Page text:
‘Sledge­ham­mer to crack a nut’

The Star Early Edition - - OPINION & ANALYSIS -

IN­DIA’s in­creas­ingly frag­ile na­tional ego has been hurt by a cricket match. Fif­teen peo­ple, all Mus­lims, were ar­rested from Mad­hya Pradesh’s Burhan­pur district and slapped with sedi­tion charges for al­legedly cel­e­brat­ing Pak­istan’s vic­tory in the fi­nal of the Cham­pi­ons Tro­phy last week.

The episode un­der­lined a mount­ing trend in In­dia of us­ing a sledge­ham­mer to crack a nut – a Bri­tish law to muz­zle crit­i­cism of the state or gov­ern­ment, with the fo­cus of­ten on who said it in­stead of what was said.

The sedi­tion law has an ig­no­min­ious his­tory. The colo­nial pro­vi­sion has been used against ac­tivists, po­lit­i­cal op­po­nents, free­dom fighters and even stu­dents.

In this case, for ex­am­ple, the fam­i­lies say they never cel­e­brated In­dia’s de­feat at the hands of their arch-en­emy. But even if they did, it doesn’t amount to any se­ri­ous threat against the coun­try.

Charges of sedi­tion are usu­ally trig­gered by acts in­tended to sub­vert or over­throw the gov­ern­ment through vi­o­lence.

But in­creas­ingly it is wielded as a threat to deal with peo­ple who cause dis­com­fort, crit­i­cise poli­cies or don’t toe the of­fi­cial line.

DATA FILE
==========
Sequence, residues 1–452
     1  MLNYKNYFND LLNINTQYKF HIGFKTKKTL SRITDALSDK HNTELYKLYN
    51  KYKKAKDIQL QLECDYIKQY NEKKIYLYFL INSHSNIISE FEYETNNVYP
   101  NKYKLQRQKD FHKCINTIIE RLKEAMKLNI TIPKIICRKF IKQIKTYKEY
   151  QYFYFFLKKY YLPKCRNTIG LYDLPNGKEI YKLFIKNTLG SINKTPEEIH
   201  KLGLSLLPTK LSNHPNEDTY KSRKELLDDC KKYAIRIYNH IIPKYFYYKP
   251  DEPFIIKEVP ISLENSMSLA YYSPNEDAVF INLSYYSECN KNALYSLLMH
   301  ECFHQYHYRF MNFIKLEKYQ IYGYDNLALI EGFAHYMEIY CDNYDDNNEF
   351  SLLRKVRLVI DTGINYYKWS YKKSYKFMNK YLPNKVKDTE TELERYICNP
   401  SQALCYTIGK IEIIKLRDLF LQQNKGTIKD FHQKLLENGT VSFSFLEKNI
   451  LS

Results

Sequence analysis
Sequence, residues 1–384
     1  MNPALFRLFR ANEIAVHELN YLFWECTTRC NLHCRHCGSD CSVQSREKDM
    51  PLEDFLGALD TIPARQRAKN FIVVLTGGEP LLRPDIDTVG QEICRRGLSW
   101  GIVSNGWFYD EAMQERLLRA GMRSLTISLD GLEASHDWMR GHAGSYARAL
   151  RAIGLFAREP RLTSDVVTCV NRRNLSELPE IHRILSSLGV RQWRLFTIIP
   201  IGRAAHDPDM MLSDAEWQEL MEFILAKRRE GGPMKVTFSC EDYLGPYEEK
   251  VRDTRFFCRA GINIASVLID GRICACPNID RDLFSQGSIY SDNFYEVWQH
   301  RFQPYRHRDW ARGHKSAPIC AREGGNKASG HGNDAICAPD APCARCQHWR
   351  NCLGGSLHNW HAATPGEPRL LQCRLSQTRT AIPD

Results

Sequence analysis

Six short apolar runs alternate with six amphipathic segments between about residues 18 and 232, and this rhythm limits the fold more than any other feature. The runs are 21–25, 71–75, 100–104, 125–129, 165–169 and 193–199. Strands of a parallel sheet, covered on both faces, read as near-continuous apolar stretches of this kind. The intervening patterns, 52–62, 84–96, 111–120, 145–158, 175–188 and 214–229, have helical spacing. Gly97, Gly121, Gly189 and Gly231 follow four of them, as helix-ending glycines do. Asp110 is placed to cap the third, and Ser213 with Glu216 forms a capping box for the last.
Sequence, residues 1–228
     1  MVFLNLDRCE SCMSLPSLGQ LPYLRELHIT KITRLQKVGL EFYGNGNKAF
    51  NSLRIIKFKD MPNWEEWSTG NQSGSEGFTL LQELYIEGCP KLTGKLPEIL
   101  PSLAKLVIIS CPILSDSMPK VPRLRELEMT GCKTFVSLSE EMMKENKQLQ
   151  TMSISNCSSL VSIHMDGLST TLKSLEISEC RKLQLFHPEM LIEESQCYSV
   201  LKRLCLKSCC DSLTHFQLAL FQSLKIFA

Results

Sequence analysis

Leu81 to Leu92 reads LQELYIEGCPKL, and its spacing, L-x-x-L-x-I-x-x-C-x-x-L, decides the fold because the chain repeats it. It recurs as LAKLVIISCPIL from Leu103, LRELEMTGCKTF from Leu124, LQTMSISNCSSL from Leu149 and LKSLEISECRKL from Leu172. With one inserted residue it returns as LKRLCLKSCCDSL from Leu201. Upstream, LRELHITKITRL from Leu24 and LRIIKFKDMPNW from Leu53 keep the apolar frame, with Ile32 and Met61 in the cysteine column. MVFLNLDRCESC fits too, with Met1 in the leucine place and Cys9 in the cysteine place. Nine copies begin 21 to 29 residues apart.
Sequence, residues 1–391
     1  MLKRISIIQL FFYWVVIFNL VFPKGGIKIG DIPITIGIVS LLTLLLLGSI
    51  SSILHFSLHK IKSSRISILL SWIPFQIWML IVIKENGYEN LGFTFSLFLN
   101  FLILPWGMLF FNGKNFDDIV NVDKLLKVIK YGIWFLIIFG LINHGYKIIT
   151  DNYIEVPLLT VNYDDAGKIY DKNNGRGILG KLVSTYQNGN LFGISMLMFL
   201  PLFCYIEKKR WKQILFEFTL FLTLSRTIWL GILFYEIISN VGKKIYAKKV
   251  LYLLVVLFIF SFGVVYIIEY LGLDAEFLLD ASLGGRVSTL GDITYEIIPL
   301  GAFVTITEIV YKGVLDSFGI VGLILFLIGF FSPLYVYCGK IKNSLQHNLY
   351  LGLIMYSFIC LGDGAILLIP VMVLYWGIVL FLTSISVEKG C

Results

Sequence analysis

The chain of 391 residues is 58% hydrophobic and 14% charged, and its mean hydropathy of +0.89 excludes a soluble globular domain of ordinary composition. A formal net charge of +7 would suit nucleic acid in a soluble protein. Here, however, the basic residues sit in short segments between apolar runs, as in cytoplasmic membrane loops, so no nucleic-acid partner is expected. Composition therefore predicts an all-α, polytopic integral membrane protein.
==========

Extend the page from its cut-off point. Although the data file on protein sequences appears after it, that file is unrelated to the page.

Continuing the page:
The lack of cen­sure or ef­forts to whit­tle down the scope of this dan­ger­ous law by suc­ces­sive gov­ern­ments has led se­cu­rity forces to use the sedi­tion clause reg­u­larly, and with im­punity.

This au­gurs badly for Indians, who pride them­selves on nur­tur­ing a thriv­ing democ­racy.

The strength of In­dia lies not in sup­press­ing voices but in its long-stand­ing tra­di­tion of mul­ti­cul­tur­al­ism and plu­ral­ity that has held the coun­try to­gether even at the worst of times.

The cur­rent am­pli­fi­ca­tion of na­tion­al­ism that seeks to take on any­one who doesn’t agree is a threat to this tra­di­tion, and is not in keep­ing with its cul­tural and demo­cratic ethos.

The sedi­tion law, and its re­peated use, is the sharpest marker of this trend.

This has no place in In­dia’s democ­racy.

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